Cachexia is a metabolic disorder that occurs in different chronic diseases, including cancer, heart failure, kidney disease, chronic obstructive pulmonary disease, sepsis and rheumatoid arthritis[1]. The prevalence of cachexia is particularly high in cancer patients, ranging from 50% to 80%, depending on tumor type[2]. Cancer cachexia is characterized by body weight loss, systemic inflammation and metabolic alterations. The occurrence of this syndrome affects patient’s quality of life and increases both morbidity and mortality due to cardiovascular complications, immune disorders and nutritional deficiency[3,4]. Body weight loss is mainly due to the consistent depletion of muscle and fat mass, that is frequently worsened by chemotherapy toxicity[5]. Humoral mediators and altered energy balance activate proteolysis in the skeletal muscle of cancer hosts, ultimately leading to protein and organelle disposal[6]. However, the specific blockade of intracellular muscle proteolytic systems does not prove effective in counteracting cancer-induced wasting[7-9], focusing the investigation to upstream pathways that regulate muscle metabolism and energetics. In particular, several lines of evidence show that alterations of the energy metabolism and mitochondrial impairments may contribute to the onset and progression of muscle wasting in cancer[10]. In this regard, cancer hosts are characterized by low nutrient intake and increased energy expenditure[1]. Whereas the former is induced by anorexia, dysphagia and/or altered absorption, due to chemotherapy or to tumors with esophageal/gastrointestinal localization[11], the latter is enhanced by tumor metabolism, inflammation and mitochondrial alterations[1]. Notably, one of the first evidences of energy wasting in cancer cachexia derive from studies on uncoupling proteins (UCPs), whose expression is increased in the skeletal muscle and adipose tissue of tumor-bearing animals and cancer patients[12-15]. Along this line, a time-course analysis in lewis lung carcinoma (LLC)-bearing mice has shown that mitochondrial ROS emission, mitochondrial degradation and respiratory function are impaired prior to the loss of muscle mass in the host mice and, interestingly, some of these alterations appear early after tumor implantation[16]. A proteomic profiling of both skeletal and cardiac muscles of C26-bearing mice, another syngeneic model of cancer cachexia, has revealed an impaired expression of proteins involved in energy homeostasis and mitochondrial function[17]. Consistently, cachectic cancer patients show altered levels of proteins accepted as markers of mitophagy, such as Parkin, PTEN-induced putative kinase 1 (PINK1) and BCL2/adenovirus E1B 19 kDa protein-interacting protein 3 (BNIP3), and mitochondrial dynamics, such as mitofusin 2 (Mfn2) and mitochondrial fission 1 protein (Fis1)[18,19]. In addition, it is well established that anti-cancer treatments alter mitochondrial homeostasis. In this regard, healthy mice treated with FOLFOX or FOLFIRI (the combination of 5-fluorouracil and leucovorin with either oxaliplatin or irinotecan, respectively) present with reduced mitochondrial mass and oxidative capacity in the skeletal muscle[20]. Similar results have been reported in C26-bearing mice treated with chemotherapy (oxaliplatin and 5-fluorouracil)[21], showing that anti-cancer treatment significantly increased the lifespan of C26-bearing mice but exacerbate muscle wasting as compared to untreated C26 hosts[21]. Such wasting effect has been associated with reduced peroxisome proliferator-activated receptor gamma coactivator 1-alpha (PGC-1α) and cytochrome c expression and with increased markers of mitophagy, together with impaired oxidative capacity and ATP levels[21]. Using a proteomic approach, alterations of the tricarboxylic acid (TCA) cycle and impaired expression of markers of mitochondrial fusion, fission and biogenesis have been reported in both untreated and chemotherapy-treated C26-bearing mice[22]. A metabolic profiling performed in the same C26 hosts exposed to chemotherapy shows that glycolysis and β-oxidation are also impaired[23].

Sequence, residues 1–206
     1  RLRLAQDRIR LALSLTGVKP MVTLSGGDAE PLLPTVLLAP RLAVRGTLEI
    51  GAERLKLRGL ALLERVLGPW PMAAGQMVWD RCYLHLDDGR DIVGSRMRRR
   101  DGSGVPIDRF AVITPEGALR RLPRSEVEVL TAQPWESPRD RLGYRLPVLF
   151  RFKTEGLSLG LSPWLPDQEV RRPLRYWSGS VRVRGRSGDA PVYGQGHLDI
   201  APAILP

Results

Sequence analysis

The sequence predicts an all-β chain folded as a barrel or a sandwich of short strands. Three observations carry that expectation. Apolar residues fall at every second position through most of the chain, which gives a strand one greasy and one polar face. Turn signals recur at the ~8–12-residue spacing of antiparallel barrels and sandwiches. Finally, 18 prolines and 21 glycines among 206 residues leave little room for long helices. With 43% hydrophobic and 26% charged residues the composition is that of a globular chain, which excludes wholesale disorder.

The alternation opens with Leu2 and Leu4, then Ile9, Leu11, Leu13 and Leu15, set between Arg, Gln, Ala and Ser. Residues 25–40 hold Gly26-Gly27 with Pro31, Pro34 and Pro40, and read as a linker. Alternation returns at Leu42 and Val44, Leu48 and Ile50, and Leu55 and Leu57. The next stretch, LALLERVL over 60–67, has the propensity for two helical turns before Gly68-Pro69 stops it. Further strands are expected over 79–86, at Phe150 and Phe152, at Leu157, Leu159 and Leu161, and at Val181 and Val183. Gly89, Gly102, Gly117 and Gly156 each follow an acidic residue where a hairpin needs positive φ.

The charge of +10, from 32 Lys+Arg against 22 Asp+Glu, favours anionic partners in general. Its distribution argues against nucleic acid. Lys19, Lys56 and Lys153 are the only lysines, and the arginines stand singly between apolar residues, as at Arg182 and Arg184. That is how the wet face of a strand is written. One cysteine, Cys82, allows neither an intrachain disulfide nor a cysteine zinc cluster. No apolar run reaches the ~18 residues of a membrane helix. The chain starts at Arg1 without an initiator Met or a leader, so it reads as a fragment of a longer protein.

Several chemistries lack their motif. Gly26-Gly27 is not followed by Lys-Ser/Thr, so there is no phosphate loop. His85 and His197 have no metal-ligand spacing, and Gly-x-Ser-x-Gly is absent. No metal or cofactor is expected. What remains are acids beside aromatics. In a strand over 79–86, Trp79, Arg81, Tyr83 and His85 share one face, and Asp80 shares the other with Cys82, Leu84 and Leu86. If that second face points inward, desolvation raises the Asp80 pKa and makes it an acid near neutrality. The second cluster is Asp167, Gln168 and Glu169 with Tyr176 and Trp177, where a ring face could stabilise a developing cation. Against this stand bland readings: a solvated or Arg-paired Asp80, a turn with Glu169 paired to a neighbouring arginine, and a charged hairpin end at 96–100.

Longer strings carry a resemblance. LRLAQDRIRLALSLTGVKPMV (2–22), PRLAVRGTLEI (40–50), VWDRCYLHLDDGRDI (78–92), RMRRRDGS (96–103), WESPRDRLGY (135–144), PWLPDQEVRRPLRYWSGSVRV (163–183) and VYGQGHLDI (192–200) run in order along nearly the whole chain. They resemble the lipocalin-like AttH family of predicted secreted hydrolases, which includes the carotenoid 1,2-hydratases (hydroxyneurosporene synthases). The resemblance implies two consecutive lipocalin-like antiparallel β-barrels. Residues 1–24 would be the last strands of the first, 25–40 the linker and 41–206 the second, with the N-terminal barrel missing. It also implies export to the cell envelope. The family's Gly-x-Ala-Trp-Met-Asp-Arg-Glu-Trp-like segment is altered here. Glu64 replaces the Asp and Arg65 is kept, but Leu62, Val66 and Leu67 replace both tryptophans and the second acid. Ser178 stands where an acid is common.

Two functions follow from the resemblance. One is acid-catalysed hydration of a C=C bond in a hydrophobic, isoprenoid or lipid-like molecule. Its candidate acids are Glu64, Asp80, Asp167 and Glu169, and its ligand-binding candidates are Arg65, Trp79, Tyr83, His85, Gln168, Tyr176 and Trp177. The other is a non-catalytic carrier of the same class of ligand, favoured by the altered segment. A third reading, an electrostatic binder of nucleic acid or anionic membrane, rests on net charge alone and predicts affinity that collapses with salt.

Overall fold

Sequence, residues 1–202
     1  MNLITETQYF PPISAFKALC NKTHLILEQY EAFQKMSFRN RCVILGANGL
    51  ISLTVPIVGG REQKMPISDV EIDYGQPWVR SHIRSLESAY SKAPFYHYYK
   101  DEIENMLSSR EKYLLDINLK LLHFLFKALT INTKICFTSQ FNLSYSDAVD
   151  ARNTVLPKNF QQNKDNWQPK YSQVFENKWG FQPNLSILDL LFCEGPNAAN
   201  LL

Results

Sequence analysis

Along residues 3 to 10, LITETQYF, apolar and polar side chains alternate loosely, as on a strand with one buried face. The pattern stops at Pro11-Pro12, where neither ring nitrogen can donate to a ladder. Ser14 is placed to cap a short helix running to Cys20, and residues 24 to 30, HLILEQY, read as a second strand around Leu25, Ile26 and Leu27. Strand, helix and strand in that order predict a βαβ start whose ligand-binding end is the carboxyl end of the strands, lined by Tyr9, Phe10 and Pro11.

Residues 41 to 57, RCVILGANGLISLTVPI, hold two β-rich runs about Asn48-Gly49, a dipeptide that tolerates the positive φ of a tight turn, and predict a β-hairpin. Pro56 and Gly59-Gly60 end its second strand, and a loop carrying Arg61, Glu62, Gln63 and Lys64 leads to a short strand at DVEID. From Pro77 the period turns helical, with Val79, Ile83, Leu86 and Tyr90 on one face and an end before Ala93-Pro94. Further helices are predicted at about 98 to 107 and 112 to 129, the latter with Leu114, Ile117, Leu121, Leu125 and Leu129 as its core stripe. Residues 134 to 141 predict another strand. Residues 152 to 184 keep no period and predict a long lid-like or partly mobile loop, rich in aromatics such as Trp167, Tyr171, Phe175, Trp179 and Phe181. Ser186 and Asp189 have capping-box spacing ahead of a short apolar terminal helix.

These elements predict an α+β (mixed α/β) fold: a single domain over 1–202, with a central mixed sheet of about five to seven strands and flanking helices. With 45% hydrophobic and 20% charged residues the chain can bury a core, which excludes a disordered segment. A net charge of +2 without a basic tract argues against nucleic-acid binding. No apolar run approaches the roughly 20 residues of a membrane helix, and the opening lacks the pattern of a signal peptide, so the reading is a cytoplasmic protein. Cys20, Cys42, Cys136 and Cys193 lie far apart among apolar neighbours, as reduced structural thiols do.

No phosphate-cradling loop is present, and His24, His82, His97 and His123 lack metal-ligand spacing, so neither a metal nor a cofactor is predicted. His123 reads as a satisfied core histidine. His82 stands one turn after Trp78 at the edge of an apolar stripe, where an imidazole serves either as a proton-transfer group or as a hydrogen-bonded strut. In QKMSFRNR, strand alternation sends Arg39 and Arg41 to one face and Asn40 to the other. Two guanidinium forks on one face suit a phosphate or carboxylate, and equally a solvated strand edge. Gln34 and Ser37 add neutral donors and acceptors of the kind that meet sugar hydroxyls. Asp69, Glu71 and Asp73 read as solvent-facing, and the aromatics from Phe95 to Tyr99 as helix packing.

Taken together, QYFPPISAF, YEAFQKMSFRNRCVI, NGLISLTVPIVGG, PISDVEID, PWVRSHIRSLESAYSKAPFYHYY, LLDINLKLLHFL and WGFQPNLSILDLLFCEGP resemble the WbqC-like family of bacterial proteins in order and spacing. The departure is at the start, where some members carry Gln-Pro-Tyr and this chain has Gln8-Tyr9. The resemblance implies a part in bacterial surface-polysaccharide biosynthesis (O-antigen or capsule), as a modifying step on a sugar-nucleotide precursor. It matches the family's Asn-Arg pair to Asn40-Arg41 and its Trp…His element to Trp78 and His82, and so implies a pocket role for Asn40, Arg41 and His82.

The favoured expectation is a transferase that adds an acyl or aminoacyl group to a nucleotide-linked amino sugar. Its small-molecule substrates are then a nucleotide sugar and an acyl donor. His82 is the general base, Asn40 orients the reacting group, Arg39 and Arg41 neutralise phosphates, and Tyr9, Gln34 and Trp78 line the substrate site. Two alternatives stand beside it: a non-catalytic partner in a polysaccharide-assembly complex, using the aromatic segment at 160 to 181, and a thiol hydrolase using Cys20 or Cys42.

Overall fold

Overall, since muscle metabolic phenotype in cancer hosts is severely impaired by both tumor growth and chemotherapy, strategies targeting mitochondria and/or improving the oxidative capacity could usefully integrate a multimodal therapy for cancer cachexia.